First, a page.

Every year, the second week of May is World Retinoblastoma Week. It is an opportunity to raise global awareness of retinoblastoma, a life-threatening eye cancer that is almost exclusively found in young children. Although retinoblastoma can be treated with chemotherapy, globally there is a low survival rate because patients are often diagnosed too late. This problem is especially prevalent in developing countries, where it can be difficult to access specialized eye health care.
In 2015, we opened the Operation Eyesight Universal Institute for Eye Cancer at the L V Prasad Eye Institute (LVPEI) in Hyderabad, India. The Institute provides comprehensive treatment for the entire range of ophthalmic tumors in both children and adults, and patients who cannot afford to pay are offered treatment free of cost. The Institute also offers critically required services to India and other low- and middle-income countries through research, capacity-building and education programs. It has trained several ophthalmologists and optometrists as part of its fellowship program, and has published several research papers in reputable, peer-reviewed journals. The Institute is playing a critical role in increasing awareness about eye cancer, leading to early diagnosis and treatment.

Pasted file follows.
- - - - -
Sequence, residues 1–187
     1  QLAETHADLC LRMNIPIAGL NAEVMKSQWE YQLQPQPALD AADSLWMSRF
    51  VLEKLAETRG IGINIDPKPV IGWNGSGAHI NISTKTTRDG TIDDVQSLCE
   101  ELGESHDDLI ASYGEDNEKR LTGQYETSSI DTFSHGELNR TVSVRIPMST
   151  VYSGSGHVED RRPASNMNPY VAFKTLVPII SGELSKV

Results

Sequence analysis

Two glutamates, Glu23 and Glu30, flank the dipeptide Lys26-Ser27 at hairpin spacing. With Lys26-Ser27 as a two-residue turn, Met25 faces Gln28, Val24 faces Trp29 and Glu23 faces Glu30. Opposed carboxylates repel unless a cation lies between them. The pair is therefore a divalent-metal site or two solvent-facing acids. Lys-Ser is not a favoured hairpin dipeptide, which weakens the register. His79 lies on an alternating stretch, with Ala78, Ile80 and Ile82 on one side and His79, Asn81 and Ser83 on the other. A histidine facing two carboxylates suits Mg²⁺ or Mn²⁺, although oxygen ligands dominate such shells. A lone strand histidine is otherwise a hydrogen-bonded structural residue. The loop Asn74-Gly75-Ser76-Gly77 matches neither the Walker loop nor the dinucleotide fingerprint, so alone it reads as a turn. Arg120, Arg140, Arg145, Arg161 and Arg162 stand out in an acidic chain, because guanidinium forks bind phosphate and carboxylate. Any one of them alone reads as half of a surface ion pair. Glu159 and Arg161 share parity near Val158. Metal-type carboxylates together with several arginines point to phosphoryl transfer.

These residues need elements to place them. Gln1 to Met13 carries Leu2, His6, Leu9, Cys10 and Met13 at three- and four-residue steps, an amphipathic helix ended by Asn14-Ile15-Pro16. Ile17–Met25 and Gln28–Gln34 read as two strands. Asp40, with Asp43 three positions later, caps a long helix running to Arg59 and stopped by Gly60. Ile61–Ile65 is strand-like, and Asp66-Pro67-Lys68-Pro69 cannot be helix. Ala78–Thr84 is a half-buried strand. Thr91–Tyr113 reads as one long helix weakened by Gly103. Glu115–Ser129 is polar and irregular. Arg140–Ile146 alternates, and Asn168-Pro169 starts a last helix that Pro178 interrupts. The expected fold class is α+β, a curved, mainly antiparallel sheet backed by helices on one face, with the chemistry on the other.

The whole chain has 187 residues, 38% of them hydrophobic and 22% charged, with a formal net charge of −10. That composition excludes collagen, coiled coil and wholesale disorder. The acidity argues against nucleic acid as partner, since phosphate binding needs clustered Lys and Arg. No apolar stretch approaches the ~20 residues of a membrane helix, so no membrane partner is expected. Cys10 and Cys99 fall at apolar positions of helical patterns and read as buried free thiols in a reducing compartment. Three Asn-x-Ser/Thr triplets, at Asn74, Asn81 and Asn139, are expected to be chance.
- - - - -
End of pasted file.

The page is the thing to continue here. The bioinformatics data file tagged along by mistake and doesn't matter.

Anvitha is a 21-month-old toddler from Kerala, India. She has been receiving chemotherapy treatment for retinoblastoma at the Institute. She was due for her next chemotherapy treatment when the COVID-19 pandemic caused a nationwide lockdown. Her parents, Vineeth and Gopika, were worried that they would be unable to safely travel to Hyderabad to take Anvitha for her treatment. Vineeth took to social media to talk about their plight and requested support.
Fortunately, the local health ministry was able to help arrange their travel and provide necessary permissions. Anvitha safely reached Hyderabad in time to receive her treatment.
According to Dr. Swathi Kaliki, the Head of Eye Cancer Services at LVPEI, 90 percent of retinoblastoma cases can be cured if they are diagnosed and treated in time. In Anvitha’s case, Dr. Kaliki says that there are good chances that both her eyes and sight will be saved as well.
Thanks to the generosity of our donors, thousands of families across India have hope that their children can beat eye cancer. Please consider donating today to support our work around the world to ensure that everyone has access to the eye health care they need.